5  0x0000000001305e04 in runtime.exitsyscall0
   at /usr/local/go1.18/src/runtime/proc.go:3937
6  0x000000000132c0f4 in runtime.mcall
   at /usr/local/go1.18/src/runtime/asm_arm64.s:186

Then, I switched to the active thread and found the gentraceback function at the bottom of the call stack.

dlv) tr 4649
Switched from 4637 to 4649
(dlv) bt
0  0x0000000001320fa8 in runtime.funcdata
   at /usr/local/go1.18/src/runtime/symtab.go:1100
1  0x0000000001320fa8 in runtime.gentraceback
   at /usr/local/go1.18/src/runtime/traceback.go:357
2  0x0000000001cbcfdc in*batchExecutor).process
   at :01
3  0x0000000001cb1ee8 in*twoPhaseCommitter).doActionOnBatches
   at /root/go/pkg/mod/
4  0x0000000001cb125c in*twoPhaseCommitter).doActionOnGroupMutations
   at /root/go/pkg/mod/
5  0x0000000001caf588 in*twoPhaseCommitter).doActionOnMutations
   at /root/go/pkg/mod/
6  0x0000000001cbf758 in*twoPhaseCommitter).commitMutations
   at /root/go/pkg/mod/
7  0x0000000001cb6f9c in*twoPhaseCommitter).execute.func2
   at /root/go/pkg/mod/
8  0x000000000132e844 in runtime.goexit
   at /usr/local/go1.18/src/runtime/asm_arm64.s:1259

I ran the next command several times in dlv and found that it was consistently stuck in the gentraceback code block. Actually, the same line repeated multiple times in the corresponding block in Go 1.18 with the same printed parameters. This indicated a dead loop in this code segment.

The flame graph of the process also indicated that the execution time was mostly spent in the gentraceback and findfunc functions.

Flame graph of the process

After further analysis, I suspected that we had triggered a Go runtime bug. One of the threads entered into a dead loop in the gentraceback function, which required a global lock. Other threads eventually were executed in the runtime GC-related code, but got stuck while waiting for the lock. In the end, the entire process burned out the CPU on one thread, while all other threads were waiting for the lock.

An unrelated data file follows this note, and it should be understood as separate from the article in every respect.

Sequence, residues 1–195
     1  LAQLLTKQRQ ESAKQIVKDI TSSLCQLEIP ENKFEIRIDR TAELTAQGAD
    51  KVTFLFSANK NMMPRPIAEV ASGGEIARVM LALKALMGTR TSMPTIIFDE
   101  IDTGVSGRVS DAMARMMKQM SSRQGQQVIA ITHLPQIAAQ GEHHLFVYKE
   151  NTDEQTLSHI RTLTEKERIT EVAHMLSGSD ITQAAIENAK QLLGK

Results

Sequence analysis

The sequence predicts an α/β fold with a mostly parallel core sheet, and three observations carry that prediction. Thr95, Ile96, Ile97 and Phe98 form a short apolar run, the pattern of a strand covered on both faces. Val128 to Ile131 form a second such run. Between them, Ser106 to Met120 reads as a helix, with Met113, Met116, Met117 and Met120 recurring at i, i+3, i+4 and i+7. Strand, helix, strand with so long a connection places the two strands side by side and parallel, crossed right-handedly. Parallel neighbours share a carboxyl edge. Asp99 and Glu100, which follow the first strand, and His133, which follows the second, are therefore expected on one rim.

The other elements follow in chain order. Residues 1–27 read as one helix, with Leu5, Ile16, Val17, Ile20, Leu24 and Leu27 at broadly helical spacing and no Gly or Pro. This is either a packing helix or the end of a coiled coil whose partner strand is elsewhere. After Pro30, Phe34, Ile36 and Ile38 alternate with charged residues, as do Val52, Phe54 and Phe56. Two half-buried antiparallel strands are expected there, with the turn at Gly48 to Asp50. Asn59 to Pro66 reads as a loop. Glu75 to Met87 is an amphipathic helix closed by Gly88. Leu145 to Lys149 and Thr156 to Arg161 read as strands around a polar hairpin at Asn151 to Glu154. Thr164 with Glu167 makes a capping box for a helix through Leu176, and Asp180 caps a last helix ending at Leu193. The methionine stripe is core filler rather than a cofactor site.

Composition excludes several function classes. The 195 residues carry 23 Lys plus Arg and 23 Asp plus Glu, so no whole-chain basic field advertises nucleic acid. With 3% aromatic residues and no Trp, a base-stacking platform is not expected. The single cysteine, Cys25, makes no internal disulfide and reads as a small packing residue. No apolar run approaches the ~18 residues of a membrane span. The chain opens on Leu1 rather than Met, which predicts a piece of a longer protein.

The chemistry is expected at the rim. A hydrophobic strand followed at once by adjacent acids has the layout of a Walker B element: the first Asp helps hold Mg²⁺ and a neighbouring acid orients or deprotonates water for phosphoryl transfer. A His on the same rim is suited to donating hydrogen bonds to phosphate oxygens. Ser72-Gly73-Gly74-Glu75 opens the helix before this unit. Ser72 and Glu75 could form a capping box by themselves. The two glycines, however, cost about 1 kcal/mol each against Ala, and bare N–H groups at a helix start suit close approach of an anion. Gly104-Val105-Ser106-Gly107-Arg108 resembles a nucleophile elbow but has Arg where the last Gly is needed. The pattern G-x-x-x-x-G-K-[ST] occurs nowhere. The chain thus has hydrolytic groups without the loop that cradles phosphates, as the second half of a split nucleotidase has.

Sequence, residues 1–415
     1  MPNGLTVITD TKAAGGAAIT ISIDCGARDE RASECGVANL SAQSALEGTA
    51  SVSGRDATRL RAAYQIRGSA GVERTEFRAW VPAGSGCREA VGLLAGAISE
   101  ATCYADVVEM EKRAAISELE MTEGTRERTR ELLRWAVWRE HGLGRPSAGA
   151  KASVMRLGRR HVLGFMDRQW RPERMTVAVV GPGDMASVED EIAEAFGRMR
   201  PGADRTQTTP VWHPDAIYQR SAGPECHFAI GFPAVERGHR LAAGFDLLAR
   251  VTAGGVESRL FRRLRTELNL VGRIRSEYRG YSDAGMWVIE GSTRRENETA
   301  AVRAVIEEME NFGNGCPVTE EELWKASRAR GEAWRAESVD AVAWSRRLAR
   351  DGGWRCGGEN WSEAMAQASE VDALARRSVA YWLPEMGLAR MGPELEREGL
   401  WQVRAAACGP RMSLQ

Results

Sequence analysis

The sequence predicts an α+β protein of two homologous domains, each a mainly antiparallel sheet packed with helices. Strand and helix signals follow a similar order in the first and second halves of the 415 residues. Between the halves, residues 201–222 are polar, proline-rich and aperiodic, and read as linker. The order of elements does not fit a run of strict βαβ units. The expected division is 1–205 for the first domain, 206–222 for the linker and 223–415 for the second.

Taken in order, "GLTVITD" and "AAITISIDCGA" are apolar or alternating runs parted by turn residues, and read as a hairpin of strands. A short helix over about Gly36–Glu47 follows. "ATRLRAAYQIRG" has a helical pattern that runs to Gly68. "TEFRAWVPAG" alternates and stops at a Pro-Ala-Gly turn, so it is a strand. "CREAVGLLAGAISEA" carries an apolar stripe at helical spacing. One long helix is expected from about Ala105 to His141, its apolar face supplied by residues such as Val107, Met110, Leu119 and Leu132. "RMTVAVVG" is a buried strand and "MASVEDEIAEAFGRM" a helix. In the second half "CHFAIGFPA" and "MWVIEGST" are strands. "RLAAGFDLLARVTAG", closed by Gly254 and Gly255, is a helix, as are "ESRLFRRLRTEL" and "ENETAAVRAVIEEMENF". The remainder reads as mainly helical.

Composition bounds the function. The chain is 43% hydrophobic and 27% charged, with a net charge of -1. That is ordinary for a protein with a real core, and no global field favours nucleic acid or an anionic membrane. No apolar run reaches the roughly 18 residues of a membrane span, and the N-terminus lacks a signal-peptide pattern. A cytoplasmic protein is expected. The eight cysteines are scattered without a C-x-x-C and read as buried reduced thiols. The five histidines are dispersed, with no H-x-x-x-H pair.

After locating the dead loop, I tried to modify the Go code to avoid the occurrence by checking its exit condition. As expected, by compiling TiDB with the modified Go code and bypassing the dead loop, our database worked normally. However, we still needed an official fix. We wanted the Go team to address the root cause of the bug, instead of us using a workaround.

Filing an issue to the Go team

A colleague of mine reviewed Go’s issue list to see if this was a known bug. We found a similar issue, but it had been fixed in Go 1.16 and Go 1.17. Our issue can be triggered in Go 1.18, so it is new for Go. I submitted the issue on the Go repository. After several rounds of issue reproduction and communications, @cherrymui from the Go community found the root cause and provided a verifiable fix.

Conclusion and follow-up work

The story doesn’t end when we discover a bug and open an issue. As I mentioned earlier, a database is a very complex project. The underlying OS, compiler, hardware may all have bugs that affect its stability and performance. 

This Go bug has certain peculiarities. It does not have a stable trigger on TiDB. We also found that different hardware systems with varied TiDB versions might have different levels of difficulties to trigger it. After rounds of testing, we were able to stably reproduce it on the ARM platform.

We have followed the progress of the issue and other people have encountered this problem later. The Go team will backport corresponding fixes in the subsequent versions of 1.18. On the TiDB side, we decided to release the TiDB 5.4.14 binary for the ARM platform based on the patched Go, and the updated version of 6.x based on the officially fixed Go version.

If you are a Go developer who is interested in distributed systems, TiDB could be a great project to start with. You are also welcome to join us on our Twitter, Slack channel, and TiDB Internals to share your thoughts and feedback with us.

Keep reading: 
Achieving Better Price to Performance for a Distributed Database 
TiDB on Arm-based Kubernetes Cluster Achieves Up to 25% Better Price-Performance Ratio than x86
How to Efficiently Stress Test Pod Memory

Experience modern data infrastructure firsthand.

Try TiDB Serverless

Have questions? Let us know how we can help.

Contact Us
TiDB Dedicated

TiDB Dedicated

A fully-managed cloud DBaaS for predictable workloads

TiDB Dedicated

TiDB Serverless

A fully-managed cloud DBaaS for auto-scaling workloads